Court told that church minister should not be a party to the Fugalei land dispute


Looking towards the Fugalei area that is a growing commercial centre

By Lagi Keresoma

APIA, SAMOA – FRIDAY 28 APRIL 2017:  The respondent to the Fugalei land dispute, Leapai Brown, has told the Court that Reverend Misipalauini Patau should never have been involved as a party to the case.

In giving evidence, Leapai said Reverend Misipalauni did not own the land involved in the dispute then.

Reverend Misipalauni is the 8th party to the case which also involves several business people around the Fugalei area.

The case in question was already dealt with by the Court in 1996, in favour of the Leapai family; however, the Attorney General’s Office reopened the case last year, on the understanding that the decision by the Court then was based on wrong information.

But in order for the AG to pursue the matter, he invited 8 families and businesses, who had bought part of the land in dispute as party to their claim, including Reverend Misipalauni.

According to Leapai, when the original case took place in 1994, none of the 8 parties owned any property at Fugalei.

“The case was between my uncle Leapai Alaiva’a (family Sa’o) and Theresa McCarthy,” said Leapai.

He continued to argue that the 8 parties involvement was “illegal” however, Court documents stated that the only court case on this matter was in 1996, between Leapai Alaiva’a, the Attorney General and Faamausili Leinafo, Director of Lands and Survey Department, now known as the Ministry of Natural Resources and Environment.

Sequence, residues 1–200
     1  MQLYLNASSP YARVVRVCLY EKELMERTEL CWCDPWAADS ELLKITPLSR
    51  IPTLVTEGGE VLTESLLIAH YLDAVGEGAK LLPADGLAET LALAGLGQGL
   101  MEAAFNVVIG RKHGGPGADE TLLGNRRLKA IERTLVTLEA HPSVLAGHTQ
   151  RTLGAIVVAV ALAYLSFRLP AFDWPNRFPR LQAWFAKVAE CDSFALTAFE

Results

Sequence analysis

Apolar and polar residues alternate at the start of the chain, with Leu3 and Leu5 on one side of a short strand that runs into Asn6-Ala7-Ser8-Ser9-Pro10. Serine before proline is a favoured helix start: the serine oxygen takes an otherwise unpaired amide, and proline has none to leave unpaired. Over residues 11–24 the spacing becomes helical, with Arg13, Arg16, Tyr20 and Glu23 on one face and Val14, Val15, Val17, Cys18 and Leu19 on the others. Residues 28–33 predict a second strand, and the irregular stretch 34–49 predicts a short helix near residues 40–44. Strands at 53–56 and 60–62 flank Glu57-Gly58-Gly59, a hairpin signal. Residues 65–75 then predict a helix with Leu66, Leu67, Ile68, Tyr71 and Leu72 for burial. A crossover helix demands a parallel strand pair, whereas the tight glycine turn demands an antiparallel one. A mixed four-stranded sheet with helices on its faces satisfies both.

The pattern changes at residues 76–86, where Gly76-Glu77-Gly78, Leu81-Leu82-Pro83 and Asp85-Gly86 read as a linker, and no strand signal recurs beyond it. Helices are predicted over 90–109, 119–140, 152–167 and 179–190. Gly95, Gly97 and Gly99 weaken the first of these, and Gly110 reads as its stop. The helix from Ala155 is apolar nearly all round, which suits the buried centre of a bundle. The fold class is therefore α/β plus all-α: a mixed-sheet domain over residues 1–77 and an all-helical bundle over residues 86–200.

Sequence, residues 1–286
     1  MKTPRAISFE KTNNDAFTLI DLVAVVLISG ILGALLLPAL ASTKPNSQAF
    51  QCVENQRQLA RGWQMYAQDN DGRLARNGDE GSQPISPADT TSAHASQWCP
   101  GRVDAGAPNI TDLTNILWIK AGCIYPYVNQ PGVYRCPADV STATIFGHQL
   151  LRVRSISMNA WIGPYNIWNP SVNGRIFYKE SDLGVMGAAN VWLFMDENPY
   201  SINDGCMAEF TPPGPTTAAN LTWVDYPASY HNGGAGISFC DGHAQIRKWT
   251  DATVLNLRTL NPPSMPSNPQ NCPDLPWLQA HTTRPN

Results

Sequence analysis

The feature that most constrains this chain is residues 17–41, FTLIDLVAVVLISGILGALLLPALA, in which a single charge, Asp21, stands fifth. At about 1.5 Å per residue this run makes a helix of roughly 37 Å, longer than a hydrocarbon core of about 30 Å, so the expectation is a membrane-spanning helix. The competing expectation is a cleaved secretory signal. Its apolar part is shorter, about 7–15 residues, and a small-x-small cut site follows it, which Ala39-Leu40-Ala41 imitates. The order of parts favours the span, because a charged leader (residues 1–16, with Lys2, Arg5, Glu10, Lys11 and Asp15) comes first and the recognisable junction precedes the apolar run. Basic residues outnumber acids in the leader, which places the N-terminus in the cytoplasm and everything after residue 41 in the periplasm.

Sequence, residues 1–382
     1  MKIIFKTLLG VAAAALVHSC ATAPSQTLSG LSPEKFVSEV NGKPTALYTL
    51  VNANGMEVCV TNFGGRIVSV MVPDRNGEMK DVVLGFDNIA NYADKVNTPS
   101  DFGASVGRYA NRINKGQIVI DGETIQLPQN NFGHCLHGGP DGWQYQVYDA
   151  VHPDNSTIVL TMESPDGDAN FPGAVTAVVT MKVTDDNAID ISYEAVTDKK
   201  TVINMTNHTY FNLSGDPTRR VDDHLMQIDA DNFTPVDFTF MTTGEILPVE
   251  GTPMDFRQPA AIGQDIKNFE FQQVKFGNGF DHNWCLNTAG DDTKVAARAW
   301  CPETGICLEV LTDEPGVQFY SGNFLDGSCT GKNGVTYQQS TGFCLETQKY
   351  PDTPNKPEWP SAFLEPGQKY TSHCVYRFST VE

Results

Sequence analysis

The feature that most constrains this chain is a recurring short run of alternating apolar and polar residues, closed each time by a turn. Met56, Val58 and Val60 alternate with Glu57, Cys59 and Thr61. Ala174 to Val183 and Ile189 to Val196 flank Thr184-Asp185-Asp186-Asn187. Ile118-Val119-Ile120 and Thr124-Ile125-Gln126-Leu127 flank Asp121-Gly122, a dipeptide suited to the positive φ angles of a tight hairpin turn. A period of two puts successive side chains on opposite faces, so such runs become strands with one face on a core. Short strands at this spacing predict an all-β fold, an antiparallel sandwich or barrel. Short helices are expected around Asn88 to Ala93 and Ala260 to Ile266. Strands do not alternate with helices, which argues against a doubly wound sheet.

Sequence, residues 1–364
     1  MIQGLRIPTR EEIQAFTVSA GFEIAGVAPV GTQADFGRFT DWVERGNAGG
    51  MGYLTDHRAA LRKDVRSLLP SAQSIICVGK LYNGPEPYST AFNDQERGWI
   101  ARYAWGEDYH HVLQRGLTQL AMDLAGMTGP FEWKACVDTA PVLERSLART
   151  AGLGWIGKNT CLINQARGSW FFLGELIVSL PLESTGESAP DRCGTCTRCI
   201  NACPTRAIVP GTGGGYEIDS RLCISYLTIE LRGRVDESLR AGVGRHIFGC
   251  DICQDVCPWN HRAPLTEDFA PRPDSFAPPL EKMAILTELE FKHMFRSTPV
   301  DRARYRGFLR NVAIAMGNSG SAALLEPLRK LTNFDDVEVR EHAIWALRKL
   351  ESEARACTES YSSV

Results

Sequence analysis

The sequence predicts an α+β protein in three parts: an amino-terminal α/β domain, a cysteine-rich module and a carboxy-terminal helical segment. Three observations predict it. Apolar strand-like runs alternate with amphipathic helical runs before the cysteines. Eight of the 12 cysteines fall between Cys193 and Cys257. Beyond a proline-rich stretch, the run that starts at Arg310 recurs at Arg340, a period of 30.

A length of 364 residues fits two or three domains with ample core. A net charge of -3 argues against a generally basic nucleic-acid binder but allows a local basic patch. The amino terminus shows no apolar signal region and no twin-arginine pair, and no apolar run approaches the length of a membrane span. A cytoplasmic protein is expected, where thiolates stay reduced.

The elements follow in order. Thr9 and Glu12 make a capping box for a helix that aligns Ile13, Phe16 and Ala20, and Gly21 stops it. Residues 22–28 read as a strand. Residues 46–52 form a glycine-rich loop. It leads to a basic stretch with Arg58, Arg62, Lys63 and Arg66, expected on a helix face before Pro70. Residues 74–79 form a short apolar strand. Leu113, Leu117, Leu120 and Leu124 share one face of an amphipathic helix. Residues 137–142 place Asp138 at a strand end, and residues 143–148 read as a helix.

Leapai then claimed that the “parties name were changed” but do not know who changed them.

Reverend Misipalauni’s lawyer, Leota Raymond Schuster pointed out to Leapai, that in the 1996 proceedings, the claim was brought by Leapai Alaiva’a against the AG and MNRE, and “nowhere does the name Theresa McCarthy appears.”

Leapai insisted and pointed out that Misipalauni only occupied the land in 1996 after the court case, and became owner after full payment in 2000.

Leota then read out part of his clients affidavit where it says“he entered into the purchase of a freehold land, Lot 311 Plan 4 at Fugalei sometime in 1993.”

“He was not interested in the property but because he was involved in the purchasing of lot 312 and 313 for the Congregational Christian Church of Samoa, he was hounded by McCarthy  to purchase the land,” said Leota.

Leota further quoted from his clients’ affidavit, “sometimes in December 1 993, I started reclaiming the land with the knowledge of Ms. McCarthy, and by 1994 had already started building a house.”

On that note, Leota pointed out to Leapai, to own up to the truth, that he did not know the dealings of his uncle then.

Chief Justice Patu intervened wanting to know where Leapai had resided in 1993 to 1996, to which Leapai said America.

”So you were not concerned with the lands then, because it was your uncle Leapai Alaiva’a’s responsibility?” asked Patū.

“Yes” responded Leapai.

Patū also wanted to know who changed the name of the parties, to which Leapai said “I have no idea.”

Patu pointed out to Leapai that if the claim was by his uncle, then the reasonable inference to be drawn would be your uncle because it was his claim.

The case continues.